WASHINGTON — The Dodgers did Thursday night what they could not do against the Mets last season. They won Game 5 of the NLDS.
And they did it with Clayton Kershaw coming out of the bullpen two days after throwing 110 pitches. He got the final two outs — including superman Daniel Murphy — for the first save of his big-league career.
Los Angeles used a four-run seventh inning to beat the Nationals, 4-3, and advance to the NLCS against the Cubs beginning Saturday night at Wrigley Field.
After Joc Pederson tied the score with a home run, Carlos Ruiz drove in the go-ahead run with a pinch-hit single and Justin Turner added a two-out, two-run triple.
After the Nationals moved to within 4-3 in the bottom of the inning on a two-run homer by pinch hitter Chris Heisey, rookie Dodgers manager Dave Roberts brought in closer Kenley Jansen with a runner on first and none out. “That’s easy to do,” Nationals manager Dusty Baker said, “when you’ve got Kershaw behind him.”
A nine-out save? It could have been. But Roberts knew he had his ace in the hole, even though he had said before the game that he was “absolutely not” going to use him. “I came to him once Kenley went out there in the seventh,” Kershaw said. “I was just kind of doing the math. He told me to be ready for Murphy, and I felt fine, so it was good.”
First Jansen had to get the game to the ninth. He allowed a one-out single by Bryce Harper to put runners on first and third but struck out Jayson Werth and — after issuing the second intentional walk of the night to Murphy — struck out Anthony Rendon to end the inning.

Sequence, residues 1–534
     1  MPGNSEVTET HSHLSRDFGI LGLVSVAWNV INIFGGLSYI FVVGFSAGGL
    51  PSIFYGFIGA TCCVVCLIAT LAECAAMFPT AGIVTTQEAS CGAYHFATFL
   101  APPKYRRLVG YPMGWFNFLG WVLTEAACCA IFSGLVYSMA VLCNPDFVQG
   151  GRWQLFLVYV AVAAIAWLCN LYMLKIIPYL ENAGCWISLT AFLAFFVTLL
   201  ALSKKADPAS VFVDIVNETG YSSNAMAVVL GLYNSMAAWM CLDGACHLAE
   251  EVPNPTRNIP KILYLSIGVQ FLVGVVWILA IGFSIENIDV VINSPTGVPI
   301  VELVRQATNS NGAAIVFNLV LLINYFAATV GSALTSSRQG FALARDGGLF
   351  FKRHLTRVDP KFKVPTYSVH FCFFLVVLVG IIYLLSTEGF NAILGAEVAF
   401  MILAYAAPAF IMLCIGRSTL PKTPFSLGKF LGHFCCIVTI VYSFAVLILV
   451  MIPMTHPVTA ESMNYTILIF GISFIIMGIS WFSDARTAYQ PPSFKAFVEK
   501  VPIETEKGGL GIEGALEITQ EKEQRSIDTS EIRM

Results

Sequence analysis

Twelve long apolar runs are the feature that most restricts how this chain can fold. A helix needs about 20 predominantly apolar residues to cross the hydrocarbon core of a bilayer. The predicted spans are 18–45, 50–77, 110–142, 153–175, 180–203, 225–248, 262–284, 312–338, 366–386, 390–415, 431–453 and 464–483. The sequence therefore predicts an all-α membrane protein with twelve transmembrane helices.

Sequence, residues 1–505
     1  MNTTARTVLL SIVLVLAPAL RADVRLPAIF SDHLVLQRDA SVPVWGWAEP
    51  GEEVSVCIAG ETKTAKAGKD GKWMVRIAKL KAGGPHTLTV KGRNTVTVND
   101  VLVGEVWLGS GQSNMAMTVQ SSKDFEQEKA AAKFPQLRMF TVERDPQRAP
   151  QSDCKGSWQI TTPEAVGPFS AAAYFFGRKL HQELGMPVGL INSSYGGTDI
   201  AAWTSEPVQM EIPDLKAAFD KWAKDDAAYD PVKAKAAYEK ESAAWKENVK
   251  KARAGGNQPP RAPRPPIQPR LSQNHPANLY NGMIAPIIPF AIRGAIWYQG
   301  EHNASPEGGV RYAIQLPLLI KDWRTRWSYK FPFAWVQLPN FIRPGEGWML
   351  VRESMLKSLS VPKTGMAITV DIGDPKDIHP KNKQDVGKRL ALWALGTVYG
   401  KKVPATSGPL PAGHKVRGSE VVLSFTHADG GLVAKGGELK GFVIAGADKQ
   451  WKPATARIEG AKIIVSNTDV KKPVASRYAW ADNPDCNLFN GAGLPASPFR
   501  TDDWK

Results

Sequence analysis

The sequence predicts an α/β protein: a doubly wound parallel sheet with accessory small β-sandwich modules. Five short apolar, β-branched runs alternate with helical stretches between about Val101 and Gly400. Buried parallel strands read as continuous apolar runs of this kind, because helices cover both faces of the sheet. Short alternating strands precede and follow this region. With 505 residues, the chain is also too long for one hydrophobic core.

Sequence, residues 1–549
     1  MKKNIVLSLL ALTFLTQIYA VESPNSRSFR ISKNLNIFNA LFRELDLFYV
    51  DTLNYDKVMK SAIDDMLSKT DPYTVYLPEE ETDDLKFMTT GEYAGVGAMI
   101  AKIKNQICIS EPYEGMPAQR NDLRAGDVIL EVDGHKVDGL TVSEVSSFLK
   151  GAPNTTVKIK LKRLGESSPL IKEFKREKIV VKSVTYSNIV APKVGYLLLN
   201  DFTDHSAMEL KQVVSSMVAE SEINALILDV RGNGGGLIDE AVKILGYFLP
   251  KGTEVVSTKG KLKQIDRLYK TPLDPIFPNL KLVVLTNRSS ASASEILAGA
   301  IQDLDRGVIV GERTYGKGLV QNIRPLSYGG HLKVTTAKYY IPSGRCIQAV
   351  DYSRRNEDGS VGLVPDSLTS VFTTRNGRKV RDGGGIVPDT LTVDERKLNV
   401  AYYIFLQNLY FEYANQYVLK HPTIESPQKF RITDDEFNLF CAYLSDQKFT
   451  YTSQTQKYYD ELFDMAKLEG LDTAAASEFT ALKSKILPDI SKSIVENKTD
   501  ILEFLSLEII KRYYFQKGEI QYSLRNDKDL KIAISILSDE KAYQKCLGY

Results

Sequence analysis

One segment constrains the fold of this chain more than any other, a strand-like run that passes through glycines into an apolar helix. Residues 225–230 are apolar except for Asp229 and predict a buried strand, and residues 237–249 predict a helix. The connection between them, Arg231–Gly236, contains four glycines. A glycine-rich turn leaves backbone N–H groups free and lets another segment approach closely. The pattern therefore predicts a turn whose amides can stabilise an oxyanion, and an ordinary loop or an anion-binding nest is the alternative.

Kershaw, who started Tuesday’s Game 4, began warming in the bullpen as the Nationals hit in the bottom of the eighth. After a scoreless eighth, Jansen was at 37 pitches to start the ninth.
He struck out Trea Turner but walked Harper and Werth. Jansen threw 51 pitches in 2 1⁄3 innings — four fewer than Dodgers starter Rich Hill threw in 2 2⁄3 innings.
In came Kershaw to face Murphy, who Kershaw later called “probably the best hitter in the National League.”
Said Roberts: “I talked to the training staff and got the OK. I just felt that Kenley was going to go out there and give us everything he had, and for that Murphy at-bat, I wanted Clayton. So I felt good about it.”
As the red-clad crowd chanted “MVP! MVP!” Kershaw got Murphy to pop to second for out No. 2. That left it to rookie pinch hitter Wilmer Difo, the only position player left on Baker’s bench.
Kershaw struck out Difo on a pitch in the dirt. The Dodgers were out of the dugout to celebrate even before Ruiz threw the ball to first to complete the out.
“The adrenaline rush was pretty good there,” Kershaw said. “It’s a different feeling to be out there for that last out. Gives me a lot of respect for closers.”
The Dodgers were trailing 1-0 against a brilliant Max Scherzer when Pederson led off the seventh with an opposite-field homer to left. Baker immediately removed Scherzer, his $210-million ace, who had thrown 99 pitches and didn’t allow a hit until the fifth.
That led to a parade of relievers and pinch hitters as the Dodgers took a 4-1 lead. The Nationals used six pitchers in the inning.
Former Phillies catcher Ruiz, whom Los Angeles acquired on Aug. 25, gave the Dodgers a 2-1 lead with a single off the glove of diving third baseman Rendon. Ruiz had a pinch-hit, two-run homer in the Dodgers’ 8-3 win in Game 3.
One out later, Turner greeted former Yankee Shawn Kelley with a two-run triple off the centerfield wall.
The entire seventh inning took 1 hour, five minutes and 55 seconds, according to ESPN Stats & Info. The game took 4:32 and ended at 12:41 a.m. That was 62 minutes after the last D.C. Metro subway train left the ballpark station, leaving the disappointed crowd of 43,936 to fend for themselves to get home.
The Dodgers lost Game 5 to the Mets last season, 3-2, with Murphy hitting the go-ahead homer. Murphy hit .438 with six RBIs in this series, but couldn’t come through against Kershaw with the Nationals’ season on the line.
Kershaw did have a save in the minors, by the way. It came in 2006 in the Gulf Coast League.
His catcher, according to MLB.com, was Kenley Jansen.